Eton Pharmaceuticals (NASDAQ:ETON)-6% announces public offering to sell common shares.
Closing date is October 14, 2020.
Net proceeds will be used primarily for general corporate purposes, which may include research and development activities, capital expenditures, selling, general and administrative costs, and to meet working capital needs.
Price, volume and terms have yet to be determined.
The sale of Allworth Financial is heating up with a winning bidder expected soon, according to four banking and private-equity executives.
The auction has narrowed to three private equity firms; final bids were due last week, Oct. 6, two of the sources said.
(ticker: RJF) and
(MC) are advising on the process, people said.
Allworth, which is owned by Parthenon Capital, is expected to sell for roughly $750 million to $800 million, one of the people said.
Allworth is an RIA aggregator that buys up smaller wealth managers. The Sacramento firm scooped up Capstone Capital in May, Houston Asset Management in April and, in October, it bought Retirement Advisors of America. Allworth, in May, had roughly $8 billion of assets under management, according to a statement.
Parthenon invested in Allworth in 2017 when the firm was known as Hanson McClain Advisors. Parthenon, of Boston and San Francisco, invests in financial services, health care services and business services. The private-equity firm is investing out its sixth flagship fund which raised $2 billion in December.
The Allworth sale is the latest in the wealth and asset management space. Last week,
Morgan Stanley (MS)
shocked many when it agreed to buy asset manager Eaton Vance (EV) for $7 billion. The sale is expected to set off more consolidation. “If
is selling— they’re considered one of the strong companies—then that tells you the mediocre and bad companies are selling,” one banker said.
Private-equity firms have been frequent investors of wealth managers. Hellman & Friedman owns Edelman Financial Engines, while TA Associates acquired Wealth Enhancement Group from Lightyear Capital in 2019. (TA and Genstar Capital own Orion Advisor Solutions.) GTCR bought a minority stake of CapTrust in June. Genstar and Lovell Minnick Partners sold a minority
OAKLAND, Calif. — California has launched the nation’s first mandate on reopening that requires local officials to control the coronavirus in their most impoverished communities before easing business restrictions across their entire county.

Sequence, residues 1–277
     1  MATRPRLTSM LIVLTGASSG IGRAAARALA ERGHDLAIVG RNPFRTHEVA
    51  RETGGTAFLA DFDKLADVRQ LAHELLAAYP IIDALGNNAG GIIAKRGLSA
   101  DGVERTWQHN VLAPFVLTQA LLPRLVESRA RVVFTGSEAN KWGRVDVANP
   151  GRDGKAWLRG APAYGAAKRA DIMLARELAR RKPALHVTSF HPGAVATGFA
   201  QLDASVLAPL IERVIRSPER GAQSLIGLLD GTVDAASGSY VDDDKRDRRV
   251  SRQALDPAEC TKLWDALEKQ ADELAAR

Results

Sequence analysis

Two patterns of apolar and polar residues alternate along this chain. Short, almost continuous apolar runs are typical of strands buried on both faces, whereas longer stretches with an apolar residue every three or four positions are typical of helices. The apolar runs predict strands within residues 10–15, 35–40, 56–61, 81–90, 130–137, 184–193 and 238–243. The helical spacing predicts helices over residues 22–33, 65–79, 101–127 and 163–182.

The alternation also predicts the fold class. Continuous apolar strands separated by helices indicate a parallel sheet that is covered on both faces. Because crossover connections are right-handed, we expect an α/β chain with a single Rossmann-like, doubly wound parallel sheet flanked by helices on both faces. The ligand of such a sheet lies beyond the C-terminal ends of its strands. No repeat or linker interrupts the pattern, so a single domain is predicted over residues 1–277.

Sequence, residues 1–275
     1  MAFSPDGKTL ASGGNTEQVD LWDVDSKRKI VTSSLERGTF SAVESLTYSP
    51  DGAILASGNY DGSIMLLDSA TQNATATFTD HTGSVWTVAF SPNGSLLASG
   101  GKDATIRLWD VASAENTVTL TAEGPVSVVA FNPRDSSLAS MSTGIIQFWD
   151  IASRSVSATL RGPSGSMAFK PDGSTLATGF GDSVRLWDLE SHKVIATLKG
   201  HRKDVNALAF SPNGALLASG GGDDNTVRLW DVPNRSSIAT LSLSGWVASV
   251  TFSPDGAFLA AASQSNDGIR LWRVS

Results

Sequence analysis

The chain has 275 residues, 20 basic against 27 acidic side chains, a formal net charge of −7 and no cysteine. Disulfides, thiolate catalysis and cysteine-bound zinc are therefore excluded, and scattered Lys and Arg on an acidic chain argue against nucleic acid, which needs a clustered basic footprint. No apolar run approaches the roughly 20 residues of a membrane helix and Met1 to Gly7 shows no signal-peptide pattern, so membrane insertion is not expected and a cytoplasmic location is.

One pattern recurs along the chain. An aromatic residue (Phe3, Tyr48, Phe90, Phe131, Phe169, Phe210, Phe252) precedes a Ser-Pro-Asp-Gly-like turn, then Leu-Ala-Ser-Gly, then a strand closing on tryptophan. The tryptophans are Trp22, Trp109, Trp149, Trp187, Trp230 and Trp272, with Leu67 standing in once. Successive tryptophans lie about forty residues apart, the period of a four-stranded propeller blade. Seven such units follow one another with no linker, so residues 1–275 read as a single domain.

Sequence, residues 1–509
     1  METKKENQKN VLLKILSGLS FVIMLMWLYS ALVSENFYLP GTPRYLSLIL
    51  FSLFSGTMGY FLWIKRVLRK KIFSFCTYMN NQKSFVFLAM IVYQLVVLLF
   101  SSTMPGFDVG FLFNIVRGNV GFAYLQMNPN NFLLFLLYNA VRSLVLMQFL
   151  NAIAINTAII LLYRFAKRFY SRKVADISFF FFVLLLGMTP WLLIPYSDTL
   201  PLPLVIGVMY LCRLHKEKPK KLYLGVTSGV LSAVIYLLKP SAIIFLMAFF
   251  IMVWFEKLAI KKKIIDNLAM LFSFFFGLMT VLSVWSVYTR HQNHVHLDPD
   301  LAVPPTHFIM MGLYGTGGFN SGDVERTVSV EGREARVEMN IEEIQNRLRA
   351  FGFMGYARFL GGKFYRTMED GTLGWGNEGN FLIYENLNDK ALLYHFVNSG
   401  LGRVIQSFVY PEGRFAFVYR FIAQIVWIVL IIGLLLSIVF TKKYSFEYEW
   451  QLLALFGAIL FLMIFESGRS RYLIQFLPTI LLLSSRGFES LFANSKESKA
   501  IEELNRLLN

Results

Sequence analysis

The approach is aimed at tackling a persistent inequity in California, where low-income people of color have disproportionately struggled to avoid contracting the disease.
“If you believe in growth and you don’t believe in inclusion, then we’re going to leave a lot of people behind,” Gov. Gavin Newsom said this week. “And one of the things we value as a state is inclusion, and we believe that we’re all better off when we’re all better off.”
The Covid-19 pandemic has laid stark the health disparities that have long existed, with poor, Black, Latino, Pacific Islander and Native communities being hardest hit by the pandemic. Latinos, for example, make up about 40 percent of the state’s population, but account for more than 60 percent of coronavirus cases and half the deaths.
California’s “equity metric” attempts to tackle that disparity by requiring that the 35 largest counties invest more in testing and ensure that positive rates of infection in the most disadvantaged neighborhoods come close to meeting the county’s overall positivity rate. The rule ensures that restaurants in Beverly Hills can’t resume indoor dining unless the most impoverished census tracts also show low rates of infection.
The change adds a third metric to the state’s newest reopening structure, which Newsom unveiled in late August and billed as an improvement to the previous approach that has been blamed for the state’s summer infection surge. Before now, the new structure has relied only on a county’s overall positivity mark and the rate